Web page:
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A brief overview on Art and Design

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For an untrained eye who had never picked up art supplies since their last art project from high school might not grasp the idea of how art is more than colors and shapes meticulously rendered on a canvas. Chances are to them, art and design may be the same thing. The idea which separates art and design is convoluted and has been a debate for a long time. Even though both include the core idea of visually representing a composition using elements, the why's and how's could not be any similar for their very souls are different. To distinguish between the subjects of art and design, I shall share my ten cents on the matter.

  • The Purpose
  • Since my earlier days before foraying to the world of visual media, art has always intrigued me. In fact, my affinity towards art leads me choosing a career in design. Like others, the difference between art and design was a revelation very later after I started working as a designer. The realization that art and design differ for their purposes. Typically, the process of creating a work of art starts with nothing but a blank canvas. A work of art stems from a view or opinion or feeling that the artist holds within him or herself. They create the art to share that feeling with others, to allow the viewers to relate to it, learn from it or be inspired by it. By contrast, when a designer sets out to create a new piece, they almost always have a fixed starting point, whether a message, an image, an idea or an action. The designer’s job isn’t to invent something new, but to communicate something that already exists, for a purpose. The most successful designs are those that most effectively communicate their message and motivate their consumers to carry out a task.


  • The Intention
  • Another factor differentiating art from design is how the result of each is interpreted by their audience. The work of an artist intends to express emotions or a perspective that can be interpreted by the audience in many ways. The subjectivity of art connects people in different ways, that is why Mona Lisa's smile is still a debate. On the contrary, a design is an exact opposite. The fundamental purpose of design is to communicate a very specific message or command a particular action to do. If the design conveys a different message to the audience, it needs to return to the drawing table. With a good piece of design, the designer’s exact message is understood by the viewer.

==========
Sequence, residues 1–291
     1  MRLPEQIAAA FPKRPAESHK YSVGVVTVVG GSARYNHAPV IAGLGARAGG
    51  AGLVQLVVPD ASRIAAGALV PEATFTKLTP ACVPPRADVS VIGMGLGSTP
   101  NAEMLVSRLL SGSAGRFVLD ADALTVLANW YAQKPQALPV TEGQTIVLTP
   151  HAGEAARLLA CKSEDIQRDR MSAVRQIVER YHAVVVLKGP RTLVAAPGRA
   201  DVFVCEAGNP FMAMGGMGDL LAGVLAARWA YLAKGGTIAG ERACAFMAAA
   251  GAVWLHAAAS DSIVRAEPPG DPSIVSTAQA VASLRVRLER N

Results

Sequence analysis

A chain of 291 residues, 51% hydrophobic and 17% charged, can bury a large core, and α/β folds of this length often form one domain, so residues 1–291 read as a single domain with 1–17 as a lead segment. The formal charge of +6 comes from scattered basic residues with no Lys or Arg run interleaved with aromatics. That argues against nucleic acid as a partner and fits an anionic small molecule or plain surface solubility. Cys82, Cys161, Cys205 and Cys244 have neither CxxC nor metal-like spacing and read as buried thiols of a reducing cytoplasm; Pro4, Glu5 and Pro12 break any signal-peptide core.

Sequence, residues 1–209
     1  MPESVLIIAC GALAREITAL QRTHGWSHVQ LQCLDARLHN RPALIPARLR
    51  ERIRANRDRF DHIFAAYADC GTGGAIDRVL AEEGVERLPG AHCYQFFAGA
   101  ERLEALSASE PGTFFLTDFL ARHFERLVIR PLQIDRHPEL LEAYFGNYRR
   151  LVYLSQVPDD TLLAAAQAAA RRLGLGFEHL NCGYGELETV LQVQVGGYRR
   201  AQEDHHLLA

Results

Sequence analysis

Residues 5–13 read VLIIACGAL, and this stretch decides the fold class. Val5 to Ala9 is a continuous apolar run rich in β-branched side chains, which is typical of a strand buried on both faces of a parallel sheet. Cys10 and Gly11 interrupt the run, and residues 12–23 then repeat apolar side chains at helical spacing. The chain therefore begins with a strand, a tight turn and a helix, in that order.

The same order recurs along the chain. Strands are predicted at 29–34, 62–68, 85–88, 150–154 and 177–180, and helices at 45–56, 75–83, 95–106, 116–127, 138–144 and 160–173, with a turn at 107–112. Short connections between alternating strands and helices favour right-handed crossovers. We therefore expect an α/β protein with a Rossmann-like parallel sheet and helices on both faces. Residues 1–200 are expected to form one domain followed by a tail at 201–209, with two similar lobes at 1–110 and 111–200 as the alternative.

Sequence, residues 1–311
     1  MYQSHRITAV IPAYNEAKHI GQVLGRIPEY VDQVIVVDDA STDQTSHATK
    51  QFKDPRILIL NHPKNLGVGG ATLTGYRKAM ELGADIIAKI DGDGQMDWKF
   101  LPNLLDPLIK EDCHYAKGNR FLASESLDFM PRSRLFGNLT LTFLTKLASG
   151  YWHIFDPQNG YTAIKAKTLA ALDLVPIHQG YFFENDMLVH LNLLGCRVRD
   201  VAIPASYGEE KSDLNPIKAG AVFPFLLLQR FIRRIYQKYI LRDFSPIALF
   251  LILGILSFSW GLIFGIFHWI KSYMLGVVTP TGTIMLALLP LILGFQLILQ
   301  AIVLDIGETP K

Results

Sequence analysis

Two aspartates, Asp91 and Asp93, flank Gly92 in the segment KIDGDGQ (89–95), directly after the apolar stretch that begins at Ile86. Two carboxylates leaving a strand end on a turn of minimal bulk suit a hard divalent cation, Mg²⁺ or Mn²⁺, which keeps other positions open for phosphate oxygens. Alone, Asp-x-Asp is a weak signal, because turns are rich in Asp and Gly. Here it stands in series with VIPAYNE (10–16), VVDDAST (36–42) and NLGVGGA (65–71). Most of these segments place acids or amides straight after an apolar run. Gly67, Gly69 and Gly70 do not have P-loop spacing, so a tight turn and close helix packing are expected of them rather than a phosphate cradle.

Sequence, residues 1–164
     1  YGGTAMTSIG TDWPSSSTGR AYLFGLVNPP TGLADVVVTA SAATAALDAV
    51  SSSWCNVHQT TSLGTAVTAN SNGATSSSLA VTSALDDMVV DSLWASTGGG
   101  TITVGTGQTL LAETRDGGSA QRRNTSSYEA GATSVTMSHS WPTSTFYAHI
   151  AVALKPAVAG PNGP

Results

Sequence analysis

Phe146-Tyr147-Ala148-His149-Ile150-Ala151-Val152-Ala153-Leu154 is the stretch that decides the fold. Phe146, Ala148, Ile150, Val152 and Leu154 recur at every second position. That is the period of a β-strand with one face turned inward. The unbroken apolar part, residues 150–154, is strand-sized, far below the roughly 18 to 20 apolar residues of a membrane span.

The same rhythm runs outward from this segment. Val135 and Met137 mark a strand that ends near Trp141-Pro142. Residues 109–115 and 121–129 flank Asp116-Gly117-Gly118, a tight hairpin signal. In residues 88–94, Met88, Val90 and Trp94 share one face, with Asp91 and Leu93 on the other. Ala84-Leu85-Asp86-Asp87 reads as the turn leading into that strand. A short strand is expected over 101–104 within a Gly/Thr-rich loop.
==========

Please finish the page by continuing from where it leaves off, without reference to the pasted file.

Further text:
• The Perspective
  • As mentioned in a previous point art is heavily depended on emotions and tastes which may differ from the perspective of the audience. A taste is more about an individual’s particular likes and dislikes rather than the message they take away from a piece. Not everyone who would appreciate classics of Botticelli or Michelangelo would also cherish the likes of Alex Gray or Pollock. Similarly, design too has an element of taste, but the difference between good and bad design is largely a matter of opinion. A good design can be successful without being to your taste as long as it serves its primary objective of motivating people towards a specific action. A good design keeps function over fashion. For example, a software or application interface needs to be more practical and easy to use rather than being a showcase of artsy extravagant visual elements. Art in design is a bonus unless it beats the purpose.


  • The Creator
  • An artist can come from any place. What defines an artist is that they are they are born with an innate gift towards their craft. Of course, from a young age, they grow up developing their abilities. But the true value of an artist is the talent they are born with. But design is really a skill that is taught and learned. You do not have to be a great artist to be a great designer; you just have to be able to achieve the objectives of design. Some of the respected designers don’t use much color or texture, but they pay great attention to layout and structuring all of which can be learned without innate talent.


  • The Message
  • Many designers consider themselves artists because they create something visually attractive, something they would be proud for people to admire. But a visual composition proposed to achieve a specific task or communicate a particular message, no matter how beautiful, fails to be recognized as art. It is a form of communication, plainly a medium to the message it contains. Artists rarely call themselves designers because they seem to better comprehend the difference. Artists do not create their work solely to meet material requirements. They create it as a means of self-expression so that it can be viewed and appreciated by others.


Depending on how you look at it, the difference between art and design can be crystal clear or hazy. The two certainly overlap, but art is more personal and emotional, evoking strong reactions in those who connect with the subject meanwhile design is rooted in conveying a specific message leaving no room for interpretations.

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